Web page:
Performing love

Is there anything new about the love in Love Island? The show is a product of a moment in which we’ve made a game out of judging the authenticity of other people’s romantic relationships, not just our own. We spend our leisure honing our ability to detect sincere feelings, to discern “truth” in love.

In many ways, this is the real pleasure of the show—does Curtis really fancy Amy? Do Molly-Mae and Tommy have a genuine connection? Which couple perform “love” the best?

As well as being central to the success of the show, this incitement to scrutinize emotional authenticity also helps explain the outraged responses to Love Island. The show poses questions about knowing the “truth” of others’ feelings, and through this, our own. It suggests that the experience of love is not solely determined by “chemistry,” but shaped by shifting social, cultural, and political environments. It’s not simply the language and labels of love which have changed through time, but its very essence.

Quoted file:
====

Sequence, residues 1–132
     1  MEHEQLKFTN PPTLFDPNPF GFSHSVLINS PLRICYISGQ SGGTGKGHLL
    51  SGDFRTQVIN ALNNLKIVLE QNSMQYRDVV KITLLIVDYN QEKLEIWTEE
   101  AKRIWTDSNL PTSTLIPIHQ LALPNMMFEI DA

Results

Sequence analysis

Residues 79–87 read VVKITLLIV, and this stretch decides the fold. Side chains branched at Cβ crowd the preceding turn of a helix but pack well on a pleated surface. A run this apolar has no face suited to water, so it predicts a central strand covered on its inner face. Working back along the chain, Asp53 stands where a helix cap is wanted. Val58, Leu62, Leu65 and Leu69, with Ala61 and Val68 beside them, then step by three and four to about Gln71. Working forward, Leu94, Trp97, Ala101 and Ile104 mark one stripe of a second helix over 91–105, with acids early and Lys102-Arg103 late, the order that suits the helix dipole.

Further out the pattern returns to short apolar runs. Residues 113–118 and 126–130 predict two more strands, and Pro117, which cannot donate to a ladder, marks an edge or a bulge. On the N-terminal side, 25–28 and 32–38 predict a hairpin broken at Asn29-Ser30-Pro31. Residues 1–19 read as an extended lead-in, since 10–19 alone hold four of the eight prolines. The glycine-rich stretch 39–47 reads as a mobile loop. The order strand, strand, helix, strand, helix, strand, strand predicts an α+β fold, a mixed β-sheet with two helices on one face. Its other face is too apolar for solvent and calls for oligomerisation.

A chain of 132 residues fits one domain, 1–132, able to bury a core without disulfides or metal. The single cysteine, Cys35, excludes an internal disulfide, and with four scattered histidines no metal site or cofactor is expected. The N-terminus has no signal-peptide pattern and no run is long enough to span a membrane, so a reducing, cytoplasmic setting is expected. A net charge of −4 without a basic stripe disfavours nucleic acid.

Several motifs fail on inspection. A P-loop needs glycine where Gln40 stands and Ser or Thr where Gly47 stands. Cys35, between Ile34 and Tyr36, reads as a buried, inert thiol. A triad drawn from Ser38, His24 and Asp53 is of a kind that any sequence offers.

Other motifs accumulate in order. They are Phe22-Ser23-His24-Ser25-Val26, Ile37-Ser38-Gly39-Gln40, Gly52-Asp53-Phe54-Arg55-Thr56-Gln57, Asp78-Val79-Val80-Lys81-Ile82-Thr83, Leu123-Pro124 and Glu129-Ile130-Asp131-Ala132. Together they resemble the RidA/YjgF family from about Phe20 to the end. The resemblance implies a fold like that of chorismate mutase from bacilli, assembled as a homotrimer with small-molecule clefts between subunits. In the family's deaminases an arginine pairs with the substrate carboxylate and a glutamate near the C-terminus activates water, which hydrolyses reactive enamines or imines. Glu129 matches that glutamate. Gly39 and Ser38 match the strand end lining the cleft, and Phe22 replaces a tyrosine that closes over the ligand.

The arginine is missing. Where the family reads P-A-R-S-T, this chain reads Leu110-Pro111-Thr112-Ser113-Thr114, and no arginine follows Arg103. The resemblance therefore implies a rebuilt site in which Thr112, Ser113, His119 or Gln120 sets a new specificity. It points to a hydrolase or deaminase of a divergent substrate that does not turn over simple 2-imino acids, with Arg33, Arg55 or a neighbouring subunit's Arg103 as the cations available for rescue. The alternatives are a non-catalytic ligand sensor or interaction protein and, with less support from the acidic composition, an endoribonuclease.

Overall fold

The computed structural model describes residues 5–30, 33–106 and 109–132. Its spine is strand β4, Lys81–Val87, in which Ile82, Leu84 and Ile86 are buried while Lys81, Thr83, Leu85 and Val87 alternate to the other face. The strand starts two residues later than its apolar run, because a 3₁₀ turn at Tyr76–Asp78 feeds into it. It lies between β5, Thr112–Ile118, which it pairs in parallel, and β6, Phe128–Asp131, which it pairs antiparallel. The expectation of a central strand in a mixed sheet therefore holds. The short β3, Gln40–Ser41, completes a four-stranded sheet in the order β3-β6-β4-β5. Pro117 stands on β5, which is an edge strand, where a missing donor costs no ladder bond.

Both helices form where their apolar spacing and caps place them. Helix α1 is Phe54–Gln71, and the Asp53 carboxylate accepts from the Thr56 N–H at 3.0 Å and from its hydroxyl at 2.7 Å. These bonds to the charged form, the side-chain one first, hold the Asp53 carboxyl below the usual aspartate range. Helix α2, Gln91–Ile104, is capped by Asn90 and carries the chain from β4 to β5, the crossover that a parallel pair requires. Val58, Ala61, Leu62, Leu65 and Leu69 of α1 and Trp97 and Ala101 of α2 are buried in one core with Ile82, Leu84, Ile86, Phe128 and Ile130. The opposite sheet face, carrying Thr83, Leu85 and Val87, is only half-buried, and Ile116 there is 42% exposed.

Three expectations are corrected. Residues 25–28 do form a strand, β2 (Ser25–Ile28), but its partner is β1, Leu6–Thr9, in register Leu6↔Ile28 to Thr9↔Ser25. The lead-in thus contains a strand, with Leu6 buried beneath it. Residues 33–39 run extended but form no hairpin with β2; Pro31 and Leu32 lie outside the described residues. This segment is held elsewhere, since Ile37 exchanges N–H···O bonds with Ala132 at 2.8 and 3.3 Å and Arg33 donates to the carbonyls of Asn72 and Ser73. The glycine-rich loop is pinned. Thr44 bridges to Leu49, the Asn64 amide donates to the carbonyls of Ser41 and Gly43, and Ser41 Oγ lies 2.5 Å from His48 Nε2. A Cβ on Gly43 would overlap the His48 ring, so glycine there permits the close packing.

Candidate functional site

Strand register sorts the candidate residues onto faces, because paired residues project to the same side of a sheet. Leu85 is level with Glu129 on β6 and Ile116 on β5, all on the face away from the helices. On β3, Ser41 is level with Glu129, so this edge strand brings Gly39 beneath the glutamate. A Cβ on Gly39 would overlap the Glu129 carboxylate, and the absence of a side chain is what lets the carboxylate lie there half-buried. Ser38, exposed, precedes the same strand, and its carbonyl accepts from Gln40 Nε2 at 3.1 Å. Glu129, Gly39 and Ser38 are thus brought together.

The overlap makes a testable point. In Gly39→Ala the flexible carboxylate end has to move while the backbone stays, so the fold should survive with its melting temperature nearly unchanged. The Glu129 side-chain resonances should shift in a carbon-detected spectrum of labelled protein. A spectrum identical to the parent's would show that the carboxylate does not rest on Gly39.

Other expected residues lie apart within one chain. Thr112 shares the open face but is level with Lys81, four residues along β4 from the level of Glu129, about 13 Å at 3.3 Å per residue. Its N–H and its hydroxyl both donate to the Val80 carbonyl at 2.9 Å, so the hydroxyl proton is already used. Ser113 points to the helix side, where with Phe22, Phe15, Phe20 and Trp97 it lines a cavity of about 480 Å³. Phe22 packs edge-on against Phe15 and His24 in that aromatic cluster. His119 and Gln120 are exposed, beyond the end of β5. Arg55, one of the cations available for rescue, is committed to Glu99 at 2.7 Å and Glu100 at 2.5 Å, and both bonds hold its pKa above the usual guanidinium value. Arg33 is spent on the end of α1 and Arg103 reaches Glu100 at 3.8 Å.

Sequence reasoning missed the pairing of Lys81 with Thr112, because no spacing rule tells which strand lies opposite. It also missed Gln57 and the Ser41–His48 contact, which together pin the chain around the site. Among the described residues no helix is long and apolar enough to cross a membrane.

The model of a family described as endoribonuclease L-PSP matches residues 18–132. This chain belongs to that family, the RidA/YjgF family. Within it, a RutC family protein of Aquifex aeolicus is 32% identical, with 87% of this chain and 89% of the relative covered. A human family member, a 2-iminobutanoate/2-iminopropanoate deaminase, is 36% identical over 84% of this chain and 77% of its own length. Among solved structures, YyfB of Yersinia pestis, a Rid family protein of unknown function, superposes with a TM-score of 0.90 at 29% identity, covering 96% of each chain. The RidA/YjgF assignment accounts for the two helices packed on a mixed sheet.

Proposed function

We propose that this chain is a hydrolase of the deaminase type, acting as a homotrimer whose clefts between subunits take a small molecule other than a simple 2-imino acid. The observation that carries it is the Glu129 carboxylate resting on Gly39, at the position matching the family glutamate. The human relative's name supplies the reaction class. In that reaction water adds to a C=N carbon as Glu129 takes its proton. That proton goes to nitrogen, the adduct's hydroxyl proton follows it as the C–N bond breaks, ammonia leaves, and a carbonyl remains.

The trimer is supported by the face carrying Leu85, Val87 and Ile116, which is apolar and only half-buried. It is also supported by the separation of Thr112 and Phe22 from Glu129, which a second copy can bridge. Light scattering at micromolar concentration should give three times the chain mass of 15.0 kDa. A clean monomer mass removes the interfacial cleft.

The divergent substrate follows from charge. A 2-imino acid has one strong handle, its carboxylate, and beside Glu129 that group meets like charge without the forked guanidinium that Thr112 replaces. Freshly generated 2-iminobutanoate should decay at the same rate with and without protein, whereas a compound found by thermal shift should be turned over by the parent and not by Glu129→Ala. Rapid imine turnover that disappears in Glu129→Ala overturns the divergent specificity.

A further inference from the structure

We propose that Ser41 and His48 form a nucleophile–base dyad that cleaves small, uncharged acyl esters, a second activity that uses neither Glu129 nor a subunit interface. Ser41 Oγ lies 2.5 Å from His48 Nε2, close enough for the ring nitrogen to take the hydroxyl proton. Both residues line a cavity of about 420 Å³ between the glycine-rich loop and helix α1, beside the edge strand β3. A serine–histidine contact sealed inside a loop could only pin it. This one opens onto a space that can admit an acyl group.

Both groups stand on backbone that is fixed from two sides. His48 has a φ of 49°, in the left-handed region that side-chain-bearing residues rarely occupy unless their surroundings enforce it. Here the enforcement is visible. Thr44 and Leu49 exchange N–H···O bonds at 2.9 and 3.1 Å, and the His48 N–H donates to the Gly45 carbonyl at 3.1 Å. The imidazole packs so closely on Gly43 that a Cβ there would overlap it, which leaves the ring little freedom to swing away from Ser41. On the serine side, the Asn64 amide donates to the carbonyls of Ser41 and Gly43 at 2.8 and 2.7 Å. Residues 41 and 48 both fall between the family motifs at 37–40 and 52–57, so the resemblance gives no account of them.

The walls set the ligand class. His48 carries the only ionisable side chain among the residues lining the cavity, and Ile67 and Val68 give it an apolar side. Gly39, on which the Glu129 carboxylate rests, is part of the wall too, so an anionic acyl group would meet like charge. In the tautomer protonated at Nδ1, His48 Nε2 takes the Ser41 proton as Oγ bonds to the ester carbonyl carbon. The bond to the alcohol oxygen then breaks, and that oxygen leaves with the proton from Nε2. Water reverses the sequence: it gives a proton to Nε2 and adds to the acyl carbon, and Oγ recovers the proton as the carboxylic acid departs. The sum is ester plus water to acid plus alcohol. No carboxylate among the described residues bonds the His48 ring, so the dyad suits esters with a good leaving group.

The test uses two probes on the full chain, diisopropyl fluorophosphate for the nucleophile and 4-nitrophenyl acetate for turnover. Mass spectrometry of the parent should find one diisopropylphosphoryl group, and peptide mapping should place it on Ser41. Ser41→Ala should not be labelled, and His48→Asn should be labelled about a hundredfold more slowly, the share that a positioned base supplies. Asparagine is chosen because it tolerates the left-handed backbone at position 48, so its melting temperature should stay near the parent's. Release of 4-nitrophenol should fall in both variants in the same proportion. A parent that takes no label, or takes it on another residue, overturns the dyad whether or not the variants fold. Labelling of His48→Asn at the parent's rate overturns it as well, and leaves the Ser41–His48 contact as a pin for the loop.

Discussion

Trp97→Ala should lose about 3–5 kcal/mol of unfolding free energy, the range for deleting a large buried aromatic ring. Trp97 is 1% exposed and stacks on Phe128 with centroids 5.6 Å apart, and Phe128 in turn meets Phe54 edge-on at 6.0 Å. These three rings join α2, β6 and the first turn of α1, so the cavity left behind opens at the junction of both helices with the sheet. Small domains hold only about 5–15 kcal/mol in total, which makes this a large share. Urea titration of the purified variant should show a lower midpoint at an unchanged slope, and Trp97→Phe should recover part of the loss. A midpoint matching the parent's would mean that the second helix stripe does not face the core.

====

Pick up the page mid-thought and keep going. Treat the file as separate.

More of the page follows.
This mercurial, historically fluid conception of love might seem unsettling for some, but in the words of this year’s Islanders: “It is what it is.”

This article is republished from The Conversation under a Creative Commons license. Read the original article.

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